Down to Thrupp

We slept in!

As predicted, we didn’t get up as early as we’d hoped but nevertheless we were still on the way before eight o’clock and made our way down to and through Allens lock. Another mile saw us at the lift bridge at Lowe Heyford and then we were through the wharf and on to the water point. Once we had topped up the tank we started on our way again and continued our journey southwards. We saw a few boats travelling in each direction, nothing exciting but enough to keep the locks moving. It wasn’t a great day for the wildlife, an abandoned duckling in one lock, an abandoned moorhen chick below another and then a dead hare in Pigeon’s lock. We passed the narrowboat ‘Bones’ belonging to the canal boat magazine columnist Mortimer Bones. Mortimer’s monthly column often describes her haphazard attempts at maintaining and improving her floating palace. You’ve got a bit of work on your hands there girl but on a positive note if the mag keeps paying you for your articles while you do it, you’ll have a job for life!!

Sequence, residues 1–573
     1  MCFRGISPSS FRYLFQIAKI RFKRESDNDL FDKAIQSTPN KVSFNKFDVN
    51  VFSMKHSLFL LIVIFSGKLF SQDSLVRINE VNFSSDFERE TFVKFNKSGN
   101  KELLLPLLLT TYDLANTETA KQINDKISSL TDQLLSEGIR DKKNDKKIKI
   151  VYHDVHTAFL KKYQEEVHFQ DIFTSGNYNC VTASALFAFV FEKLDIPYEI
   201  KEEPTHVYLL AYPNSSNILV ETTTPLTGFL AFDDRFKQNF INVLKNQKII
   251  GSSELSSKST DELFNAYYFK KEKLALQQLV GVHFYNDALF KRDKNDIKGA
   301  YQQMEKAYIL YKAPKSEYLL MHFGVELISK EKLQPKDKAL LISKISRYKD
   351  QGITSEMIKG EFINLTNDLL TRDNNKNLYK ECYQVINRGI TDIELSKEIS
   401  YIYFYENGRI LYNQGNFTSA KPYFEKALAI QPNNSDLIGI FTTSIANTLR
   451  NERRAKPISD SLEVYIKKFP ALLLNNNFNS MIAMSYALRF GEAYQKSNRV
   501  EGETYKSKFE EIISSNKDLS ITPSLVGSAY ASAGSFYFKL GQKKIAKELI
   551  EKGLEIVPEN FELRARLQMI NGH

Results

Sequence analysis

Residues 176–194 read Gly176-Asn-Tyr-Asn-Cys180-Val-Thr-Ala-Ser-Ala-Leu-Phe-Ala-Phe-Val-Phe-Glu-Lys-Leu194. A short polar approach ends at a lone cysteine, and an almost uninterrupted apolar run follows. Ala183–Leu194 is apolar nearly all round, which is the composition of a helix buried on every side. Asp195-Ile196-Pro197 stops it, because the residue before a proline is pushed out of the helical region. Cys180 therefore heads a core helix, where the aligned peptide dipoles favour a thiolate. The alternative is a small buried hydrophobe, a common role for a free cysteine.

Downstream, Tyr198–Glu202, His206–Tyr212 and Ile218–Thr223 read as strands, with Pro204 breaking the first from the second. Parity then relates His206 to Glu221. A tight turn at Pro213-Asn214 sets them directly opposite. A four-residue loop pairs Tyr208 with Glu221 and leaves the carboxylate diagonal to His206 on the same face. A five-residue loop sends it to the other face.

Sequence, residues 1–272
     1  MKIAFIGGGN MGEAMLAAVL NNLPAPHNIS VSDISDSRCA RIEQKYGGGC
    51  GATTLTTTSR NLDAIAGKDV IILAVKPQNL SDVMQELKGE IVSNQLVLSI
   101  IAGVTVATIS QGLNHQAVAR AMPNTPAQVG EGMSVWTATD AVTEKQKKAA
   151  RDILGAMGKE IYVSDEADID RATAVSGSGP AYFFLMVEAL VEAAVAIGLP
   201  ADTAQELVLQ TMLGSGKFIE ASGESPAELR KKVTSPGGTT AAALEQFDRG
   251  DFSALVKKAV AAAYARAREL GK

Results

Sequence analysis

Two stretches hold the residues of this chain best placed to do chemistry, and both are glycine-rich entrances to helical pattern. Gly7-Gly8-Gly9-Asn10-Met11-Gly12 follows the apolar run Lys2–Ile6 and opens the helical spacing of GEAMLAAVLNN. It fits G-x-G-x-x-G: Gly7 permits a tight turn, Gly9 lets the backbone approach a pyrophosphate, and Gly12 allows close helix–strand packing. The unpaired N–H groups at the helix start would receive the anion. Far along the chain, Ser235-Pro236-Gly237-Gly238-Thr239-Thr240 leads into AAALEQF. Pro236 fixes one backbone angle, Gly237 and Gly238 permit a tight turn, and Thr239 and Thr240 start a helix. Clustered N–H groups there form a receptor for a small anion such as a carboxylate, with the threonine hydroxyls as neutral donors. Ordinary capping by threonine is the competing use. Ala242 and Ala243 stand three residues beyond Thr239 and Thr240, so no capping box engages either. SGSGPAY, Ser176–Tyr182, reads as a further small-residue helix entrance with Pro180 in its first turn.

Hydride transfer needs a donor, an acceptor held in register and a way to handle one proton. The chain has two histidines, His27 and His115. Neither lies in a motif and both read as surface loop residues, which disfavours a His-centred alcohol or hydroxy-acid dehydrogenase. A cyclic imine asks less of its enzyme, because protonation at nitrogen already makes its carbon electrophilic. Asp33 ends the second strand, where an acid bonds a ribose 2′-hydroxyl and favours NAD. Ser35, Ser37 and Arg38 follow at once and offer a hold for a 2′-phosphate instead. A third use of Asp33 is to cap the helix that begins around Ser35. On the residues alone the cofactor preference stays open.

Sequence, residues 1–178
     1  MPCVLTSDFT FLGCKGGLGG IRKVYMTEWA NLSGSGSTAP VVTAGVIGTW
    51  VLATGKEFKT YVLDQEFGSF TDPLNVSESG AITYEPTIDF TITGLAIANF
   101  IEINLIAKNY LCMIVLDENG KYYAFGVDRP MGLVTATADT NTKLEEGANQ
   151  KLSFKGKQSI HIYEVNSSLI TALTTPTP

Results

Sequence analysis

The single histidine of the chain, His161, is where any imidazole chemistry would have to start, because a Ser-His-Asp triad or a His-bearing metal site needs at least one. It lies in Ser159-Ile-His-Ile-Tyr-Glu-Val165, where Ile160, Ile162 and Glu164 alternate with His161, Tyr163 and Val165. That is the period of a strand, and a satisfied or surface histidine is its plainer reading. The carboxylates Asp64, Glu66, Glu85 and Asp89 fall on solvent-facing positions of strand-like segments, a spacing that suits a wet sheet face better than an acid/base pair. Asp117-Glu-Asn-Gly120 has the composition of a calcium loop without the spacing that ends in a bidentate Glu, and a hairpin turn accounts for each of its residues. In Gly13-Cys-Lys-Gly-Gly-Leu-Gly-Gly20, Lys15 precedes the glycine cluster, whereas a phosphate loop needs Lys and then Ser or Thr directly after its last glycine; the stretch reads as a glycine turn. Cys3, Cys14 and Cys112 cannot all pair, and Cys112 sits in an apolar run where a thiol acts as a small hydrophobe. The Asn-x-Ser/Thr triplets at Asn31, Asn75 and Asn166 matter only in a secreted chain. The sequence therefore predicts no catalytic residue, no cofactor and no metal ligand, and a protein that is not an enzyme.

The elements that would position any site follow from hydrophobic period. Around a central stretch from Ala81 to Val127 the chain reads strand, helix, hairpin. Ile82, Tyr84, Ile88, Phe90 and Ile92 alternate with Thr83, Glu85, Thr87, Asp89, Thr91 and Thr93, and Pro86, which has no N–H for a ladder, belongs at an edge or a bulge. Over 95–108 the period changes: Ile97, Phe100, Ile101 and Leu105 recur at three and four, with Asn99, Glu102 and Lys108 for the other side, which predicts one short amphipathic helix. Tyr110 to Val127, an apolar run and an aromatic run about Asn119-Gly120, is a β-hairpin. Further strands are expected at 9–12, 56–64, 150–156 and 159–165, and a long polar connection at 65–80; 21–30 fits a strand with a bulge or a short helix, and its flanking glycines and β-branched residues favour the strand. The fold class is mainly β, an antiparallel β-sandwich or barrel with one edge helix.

After we passed through the weir lock we encountered a boat that had become untied at one end, it was too difficult for us to stop and re-tie the partially drifting vessel so we decided to carry on and hope that someone travelling in the opposite direction would pull in on the lift bridge mooring and pull the boat in.